What gifts to give to your Chinese business associates and which ones to avoid?

Gifts For Chinese Associates

This indeed can be tricky, choosing the right gifts for your Chinese business associates whom you are looking to form a long-term partnership with. Gift giving is a rather delicate issue in China. There are various unspoken but set norms of gift giving in the country, which you need to rigorously stick to. First and foremost, it is illegal to offer gifts to a government official.

Gifting a business contact is more acceptable. The most preferred gift is a banquet. You will find it curious that quality writing instruments are a favored gift in China. However, the following gifts and/or colors should be avoided since they are considered inauspicious:

* Anything white, blue or black
* Clocks
* Cut flowers
* Straw sandals
* A stork or crane
* Handkerchiefs

Do not give any sharp, pointed object as a gift; it symbolizes severing of relations. Also, avoid giving things in sets of four.

The Chinese do not appreciate really entering into a business partnership with strangers. If possible, try to bring into play an intermediary, who enjoys an established relationship with the Chinese counterpart, for the first meeting.

Gifts are a vital way of creating guanxi in China. According to Chinese etiquettes, a person will usually decline an invitation or a gift three times before eventually accepting it. The giver is expected to persist gently so that the gift is accepted. Be sensitive to genuine refusals, and don’t force it on the receiver!

Never present a lofty gift that your Chinese business associate cannot reciprocate in kind, since this would put the latter in an awkward position.

The Chinese people will not open a gift immediately on receiving it. You should follow suit unless the other person insists that you check it. Foreign cigarettes, fine whisky, quality wines, cognac are acceptable as gifts. However, food items as a gift is a strict no-no as it can denote poverty. Wrap gifts tastefully, but again avoid white, blue or black. (Avoid elaborate wrapping.)

Imbibing nuances of Chinese culture and traditions will help you get into the good books. Understanding and following the gift giving formalities is very important or else you will end up offending your Chinese host.

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The correct wrappings for corporate gifts

corporate gift wrappingWhile it may not be the most important factor for men, everyone likes a well-wrapped gift. Women like it for the art of proper presentation and men look upon it as a sign of respect and recognition of their status. No matter what you buy, add a personal touch to it, make the packaging attractive, without going overboard. After all, this is your boss and colleagues we are talking about.

There are a variety of papers to choose in the market today, but don’t even look at the ones that have dancing teddy bears and floating hearts and candy sticks on them and avoid the bright ones that need you to wear sunglasses before you can glance at them. Go for sedate patterns like stripes and the checkerboard effect and muted colours like a deep, matte red, rust orange and pale yellow.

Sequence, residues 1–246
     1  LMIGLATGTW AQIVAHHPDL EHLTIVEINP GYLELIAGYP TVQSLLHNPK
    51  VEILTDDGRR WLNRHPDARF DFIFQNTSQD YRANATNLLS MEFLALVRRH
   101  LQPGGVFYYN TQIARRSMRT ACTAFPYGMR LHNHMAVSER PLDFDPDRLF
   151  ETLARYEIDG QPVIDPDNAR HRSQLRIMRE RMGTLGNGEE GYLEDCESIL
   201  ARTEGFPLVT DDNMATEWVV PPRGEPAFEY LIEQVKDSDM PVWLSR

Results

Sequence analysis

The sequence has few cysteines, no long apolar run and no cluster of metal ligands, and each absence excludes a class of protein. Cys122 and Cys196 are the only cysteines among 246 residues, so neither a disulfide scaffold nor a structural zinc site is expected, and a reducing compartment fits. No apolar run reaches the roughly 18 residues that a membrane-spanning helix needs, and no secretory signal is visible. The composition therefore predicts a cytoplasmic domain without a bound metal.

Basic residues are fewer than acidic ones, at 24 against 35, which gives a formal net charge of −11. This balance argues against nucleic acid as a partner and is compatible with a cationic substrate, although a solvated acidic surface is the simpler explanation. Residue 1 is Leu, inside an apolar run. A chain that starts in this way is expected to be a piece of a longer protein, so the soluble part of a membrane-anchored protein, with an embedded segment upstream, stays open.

Use the bows, but keep them to a discreet size.

When going for more easy-going patterns, stick to polka dots, geometric designs and you can even create your own paper with the company logo for your boss.

Wrapping up gifts in boxes is infinitely better as a hard casing sub-consciously portrays a more professional approach than a soft one.

However, don’t let your creative mind despair – there are certain occasions that you can safely go jazzy for:

Colleague gets promoted: Now’s the time to go for the super-shiny stars that proclaim him to be one!

Colleague gets married: Bridal red, jhatak gold, shiny silver are the wedding colours you can unabashedly use for this occasion; go creative with your selection of wrapping patterns as well. Oh, and bring on the floating hearts as well!

Colleague is set to become a parent: Now you can go for the dancing teddy bears.

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Getting past office politics with the right gifts

Office PoliticsBosses can be tough sometimes, but those whom you directly deal with on a daily basis can be tougher. Often, impressing your boss is not as crucial as it is to stay in the good books of his right-hand man. And contrary to a popular saying, flattery will get you everywhere.

Be alert and pick up on clues to what your colleague or immediate superior(s) want. Does your colleague like to read? Buy a small, portable magazine or book rack to keep beside his chair. They’re reasonably priced, easy to deliver, and for presentation purposes tie a satin bow around the handle. Casually mention that when you saw the rack you immediately thought of his love for reading and bought it on an impulse.

Has his clock stopped working? Browse through your online options and select the most appropriate one. Always be quick to offer to exchange it for him if he mentions it’s not the right size or the right colour.

Always keep hierarchy in mind – your colleague’s gift should be smaller than that of your immediate boss, but equally special. When it comes to gifting the head honcho, discreetly find out what your superior is giving him and select something that is not ostentatiously better. At no point should your colleagues feel that you are trying to upstage them.

The rule of thumb in any organisation is being non-threatening to those who are close to your superior(s) without appearing eager-to-please; you’ll just be named an ass-licker if you do.

Gifts, when chosen thoughtfully and presented intelligently, can go a long way in securing your position in the company. Teaming a great performance with an image of being thoughtful and caring – that’s mastering office politics!